To my delight, the finished product was “dynamic” and more than what the client had expected! “You are the future of the world,” he told our team. The work we were doing was a good thing.

The whole experience with ADP was great. I picked up consulting skills, brought significant value to the client and to the community, and had an opportunity to see a bit of South Africa as well. Although ADP isn’t a full-time option, I hope to do similar work on my own in the future. A big thanks to Accenture and to Global FoodBanking Network for the opportunity. Dsc_0113 Dsc_0578 Dsc_0571 Dsc_0770

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The summer internship

Posted by: Melanie
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It’s been almost a month of summer break already and my life is so different now. I’m already a third through my internship with Booz & Company. They are the management consulting firm that separated their operations from the U.S. Government consulting business, Booz Allen Hamilton, earlier this year. There’s a lot of buzz around the change and they say there’s a different kind of energy now that they are an independent, more nimble firm. Either way, I’m learning loads.

The first week was a worldwide Summer Associate Orientation spent in the US. 7 from LBS (and strangely, 6 from Stream B) made it out for several days of training, networking with such a diverse & smart group of people, and relaxing in the warm NY sun. Since I’ve started working at the London office, it’s been non-stop. Coincidently, my team is made up of two other LBS alums who have been great at coaching me through the work. It’s amazing how much of an "expert" I’ve become in an financial services industry I barely noticed before. More importantly, I’m picking up and practicing the consulting methodologies needed to convey my message and sell an idea. The next steps after crack-a-case training.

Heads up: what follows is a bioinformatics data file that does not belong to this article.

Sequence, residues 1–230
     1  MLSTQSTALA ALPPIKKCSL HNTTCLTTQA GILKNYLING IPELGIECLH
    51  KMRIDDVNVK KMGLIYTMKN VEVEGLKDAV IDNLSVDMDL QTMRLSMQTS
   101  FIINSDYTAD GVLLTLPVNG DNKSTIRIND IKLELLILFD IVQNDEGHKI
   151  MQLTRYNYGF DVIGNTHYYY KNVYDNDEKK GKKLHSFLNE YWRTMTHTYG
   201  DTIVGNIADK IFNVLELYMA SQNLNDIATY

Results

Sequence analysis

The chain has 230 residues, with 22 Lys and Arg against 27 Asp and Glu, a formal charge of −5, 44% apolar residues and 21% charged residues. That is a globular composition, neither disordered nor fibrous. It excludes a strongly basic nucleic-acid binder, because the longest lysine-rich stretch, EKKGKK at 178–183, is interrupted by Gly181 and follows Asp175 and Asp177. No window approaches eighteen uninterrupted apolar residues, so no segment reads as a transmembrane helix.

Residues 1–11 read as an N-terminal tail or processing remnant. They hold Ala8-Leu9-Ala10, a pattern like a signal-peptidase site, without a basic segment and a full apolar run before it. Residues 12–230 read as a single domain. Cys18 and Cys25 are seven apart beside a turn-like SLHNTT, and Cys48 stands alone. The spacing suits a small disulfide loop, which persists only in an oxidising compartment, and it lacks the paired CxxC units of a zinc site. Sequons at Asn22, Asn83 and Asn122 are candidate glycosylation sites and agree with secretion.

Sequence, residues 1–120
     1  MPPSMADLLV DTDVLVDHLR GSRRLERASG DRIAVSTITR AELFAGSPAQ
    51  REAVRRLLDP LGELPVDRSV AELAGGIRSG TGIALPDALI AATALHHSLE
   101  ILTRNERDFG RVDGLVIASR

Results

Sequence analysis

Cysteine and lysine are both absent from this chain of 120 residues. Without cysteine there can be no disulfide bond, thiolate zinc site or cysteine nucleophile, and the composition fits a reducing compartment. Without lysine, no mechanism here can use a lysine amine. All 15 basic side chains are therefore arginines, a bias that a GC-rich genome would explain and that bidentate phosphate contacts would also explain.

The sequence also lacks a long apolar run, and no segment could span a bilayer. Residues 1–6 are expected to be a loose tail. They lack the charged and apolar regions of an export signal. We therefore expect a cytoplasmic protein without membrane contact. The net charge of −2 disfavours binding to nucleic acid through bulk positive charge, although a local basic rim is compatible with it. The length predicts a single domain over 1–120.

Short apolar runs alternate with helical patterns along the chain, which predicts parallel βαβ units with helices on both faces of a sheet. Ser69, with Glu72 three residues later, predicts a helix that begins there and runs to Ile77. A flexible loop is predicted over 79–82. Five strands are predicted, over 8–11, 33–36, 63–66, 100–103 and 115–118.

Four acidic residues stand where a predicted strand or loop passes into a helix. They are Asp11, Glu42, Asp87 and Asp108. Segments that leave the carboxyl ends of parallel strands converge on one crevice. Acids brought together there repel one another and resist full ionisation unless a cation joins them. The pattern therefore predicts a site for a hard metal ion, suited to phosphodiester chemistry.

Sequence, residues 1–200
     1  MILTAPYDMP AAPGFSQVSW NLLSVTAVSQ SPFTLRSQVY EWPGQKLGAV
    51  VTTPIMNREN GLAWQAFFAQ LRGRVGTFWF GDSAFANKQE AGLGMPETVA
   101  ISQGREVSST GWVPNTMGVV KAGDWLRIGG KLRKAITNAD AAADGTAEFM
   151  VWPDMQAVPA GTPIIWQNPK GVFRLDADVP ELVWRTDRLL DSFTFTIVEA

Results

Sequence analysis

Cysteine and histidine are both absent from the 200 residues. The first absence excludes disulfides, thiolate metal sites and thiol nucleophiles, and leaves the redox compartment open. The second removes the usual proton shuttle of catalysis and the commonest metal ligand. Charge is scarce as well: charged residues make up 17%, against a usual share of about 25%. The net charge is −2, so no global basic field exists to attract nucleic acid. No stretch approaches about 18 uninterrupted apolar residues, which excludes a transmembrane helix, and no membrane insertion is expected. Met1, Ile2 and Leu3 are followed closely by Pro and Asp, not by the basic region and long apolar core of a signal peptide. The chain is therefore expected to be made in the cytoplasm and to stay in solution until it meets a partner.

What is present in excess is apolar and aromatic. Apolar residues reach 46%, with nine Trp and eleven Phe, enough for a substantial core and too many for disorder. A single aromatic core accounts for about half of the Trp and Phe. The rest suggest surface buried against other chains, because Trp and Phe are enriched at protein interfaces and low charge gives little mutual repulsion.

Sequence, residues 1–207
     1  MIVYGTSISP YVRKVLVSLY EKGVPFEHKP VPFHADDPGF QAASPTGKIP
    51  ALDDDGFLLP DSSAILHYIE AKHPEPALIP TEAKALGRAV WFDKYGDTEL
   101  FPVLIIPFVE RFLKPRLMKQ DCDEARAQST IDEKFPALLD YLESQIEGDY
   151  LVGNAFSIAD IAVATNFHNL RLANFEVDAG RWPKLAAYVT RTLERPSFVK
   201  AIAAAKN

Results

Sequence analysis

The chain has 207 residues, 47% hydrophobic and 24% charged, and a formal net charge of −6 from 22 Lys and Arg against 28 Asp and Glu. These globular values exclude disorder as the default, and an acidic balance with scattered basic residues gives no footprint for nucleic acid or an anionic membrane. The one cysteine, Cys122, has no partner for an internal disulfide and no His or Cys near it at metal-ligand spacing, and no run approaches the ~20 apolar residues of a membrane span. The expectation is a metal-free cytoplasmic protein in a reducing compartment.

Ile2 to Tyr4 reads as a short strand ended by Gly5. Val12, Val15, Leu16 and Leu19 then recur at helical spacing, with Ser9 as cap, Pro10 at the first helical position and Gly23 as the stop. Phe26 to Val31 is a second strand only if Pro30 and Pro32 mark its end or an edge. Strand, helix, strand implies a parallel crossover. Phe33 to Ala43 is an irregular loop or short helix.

Speaking of crack-a-case… despite the break, there is still activity going on with all the campus clubs. I’m signed up to get training to become a case giver for the Consulting Club next fall. Student Association has been quite good at making sure all the clubs are submitting their activity and budget planning for the year. We’ve got a lot planned the Responsible Business Club – let’s see how much we can get done!

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Bringing home the gold

Posted by: Melanie
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An LBS three-peat it was at MBAT this year – our annual European MBA "Olympics"

For me, the experience was not quite what I had expected it to be. The nine hour bus ride over wasn’t as long as I had dreaded. With stops before the border crossing (and almost leaving a couple people behind), a train container ride under the channel, some inter-bus activity (to be left unnamed), and lots of laughs.

The first night there, the teams all danced to the tunes of No Donuts for Hilda, our official band. I turned in early tBoozbuso make sure to rest up for the next day’s activities. Spent the morning watching the badmitton tournement, along with the basketball team (kick another school’s @ss), and the rock climbing team scaling up the wall of the gym. Around 11, I headed over to the lake, where the football, tennis and rugby games were happening. Also where our big red Booz(e) bus was parked.

The women’s football started playing our first game at 11:30 – two beautiful goals by the unstoppable strikers – our team captain, and our macroeconomics professor :)  A bit after half-time, I subbed in for who usually is my defense partner. Less than two minutes into the game, I found myself on the floor, having attempted to take on the opposition, holding onto a very sorely sprained left knee. That was it, I was out of the games, and out of the whole weekend’s competitions.

Heartbreaking to say the least. All those Saturday morning football trainings. All those 50 hours of salsa preparation. But after coming to terms with it, I realized things could’ve been worse and I should enjoy the good weather and the relaxation of being a spectator. I could even be one of the judges for the salsa competition.   

SalsateamLuckily, one of the salsaros’ girlfriend was a pro dancer, and learned in 4 hours what we learned in 4 weeks. No one could even tell she was the sub. And our team brought home the bronze! Tough competition, I’d say. I’m happy to see that the team did their best show ever.

FootballprepAnd the Women’s football team? The next games, they finished 9-0 and 6-0. 5-1 in the semi-finals. And 3-0 in the finals on Sunday! They brought home the gold!  And so did the men’s football team too!! 

Though I didn’t get to participate as much as I had anticipated, I know I have lots to look forward to next year. With Apples (my awesomest study group mate) and Stella (a fellow Texan) as the new Student Association sports reps, we’re bound to have an even better time!